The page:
No matter what, casting the drop shot rig is clunky at best. The main thing is that we want to take our time casting otherwise it will tangle into a rat's nest. The roll cast will be your best bet most of the time, and you may need to perform several roll casts in order to send the rig further out. Water load casts are also highly useful.
If you have to false cast, then minimize the number of false casts you perform. The more false casting you do will just increase the odds of tangling. When false casting, open up your loops and use a slower tempo. Think wide, slow, open loops.
At the end of a cast, if you think you botched it, then immediately bring the rig back to you and check for any tangles. Don't let the rig swing through the current as this will make the tangle even worse.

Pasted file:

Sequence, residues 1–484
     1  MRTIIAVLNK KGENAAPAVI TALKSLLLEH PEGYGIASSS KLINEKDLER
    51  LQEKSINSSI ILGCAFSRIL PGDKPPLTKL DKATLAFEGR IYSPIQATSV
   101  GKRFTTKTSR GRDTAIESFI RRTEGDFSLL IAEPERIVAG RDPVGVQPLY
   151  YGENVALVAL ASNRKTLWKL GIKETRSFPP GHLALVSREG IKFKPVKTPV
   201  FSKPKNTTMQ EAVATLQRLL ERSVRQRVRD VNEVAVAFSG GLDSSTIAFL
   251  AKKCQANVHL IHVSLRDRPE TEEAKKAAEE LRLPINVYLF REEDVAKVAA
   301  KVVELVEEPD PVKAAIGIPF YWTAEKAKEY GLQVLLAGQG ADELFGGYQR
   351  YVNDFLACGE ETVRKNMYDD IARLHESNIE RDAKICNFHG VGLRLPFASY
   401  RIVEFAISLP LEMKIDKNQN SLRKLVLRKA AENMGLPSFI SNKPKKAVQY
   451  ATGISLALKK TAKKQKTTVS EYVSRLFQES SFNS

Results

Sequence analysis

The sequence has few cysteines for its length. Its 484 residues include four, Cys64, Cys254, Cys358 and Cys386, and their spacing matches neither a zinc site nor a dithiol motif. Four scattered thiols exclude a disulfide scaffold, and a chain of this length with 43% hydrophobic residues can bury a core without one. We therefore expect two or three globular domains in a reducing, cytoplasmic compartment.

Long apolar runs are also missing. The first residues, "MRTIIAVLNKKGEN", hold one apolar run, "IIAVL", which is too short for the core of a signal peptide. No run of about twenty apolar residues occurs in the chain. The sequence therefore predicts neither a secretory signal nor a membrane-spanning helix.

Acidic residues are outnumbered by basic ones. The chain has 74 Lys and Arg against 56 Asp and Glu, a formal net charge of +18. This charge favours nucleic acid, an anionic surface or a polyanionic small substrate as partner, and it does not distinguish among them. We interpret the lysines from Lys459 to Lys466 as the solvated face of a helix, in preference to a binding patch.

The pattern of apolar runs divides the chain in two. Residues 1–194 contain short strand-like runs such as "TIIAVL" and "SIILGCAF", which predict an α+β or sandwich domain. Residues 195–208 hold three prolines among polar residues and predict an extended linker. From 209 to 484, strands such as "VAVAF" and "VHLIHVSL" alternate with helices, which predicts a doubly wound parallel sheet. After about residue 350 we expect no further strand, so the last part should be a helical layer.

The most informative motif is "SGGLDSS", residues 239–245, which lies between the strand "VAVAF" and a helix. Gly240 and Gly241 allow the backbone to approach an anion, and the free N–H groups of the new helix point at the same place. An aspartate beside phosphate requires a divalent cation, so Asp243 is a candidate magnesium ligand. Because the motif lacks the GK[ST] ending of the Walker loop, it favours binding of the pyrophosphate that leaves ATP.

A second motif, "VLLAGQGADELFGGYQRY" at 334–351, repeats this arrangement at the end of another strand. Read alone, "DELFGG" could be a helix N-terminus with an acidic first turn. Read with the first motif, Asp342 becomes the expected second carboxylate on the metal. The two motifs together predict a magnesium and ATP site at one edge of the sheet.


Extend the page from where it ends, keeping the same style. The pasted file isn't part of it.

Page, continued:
Try the drop shot rig out the next time you need to run your flies deep. This rig can be very effective when the fish are holding tight to the bottom under heavy current. Experiment with the rig and adjust it based off of what works for you. Feel free to drop any questions into the comment section below.
Also check out some of the other fly fishing blog how-to articles:
What Is A Dry-Dropper, and Why Is It an Effective Fly Fishing Technique?
Fly Fishing How To: 3 Ways to Create a Dry-Dropper Rig
How to Use Wet Flies - Rigging
Wet Flies: Tactics and Techniques for Multiple Fish Species
Lastly, if you live in or are visiting Spokane, I provide guided fly fishing trips and instructional lessons around Spokane to include float trips on the Spokane River and stillwater trips across various Eastern Washington lakes. I guide with Fly Fish Spokane, and more information/trip rates can be found at the website: FlyFishSpokane.com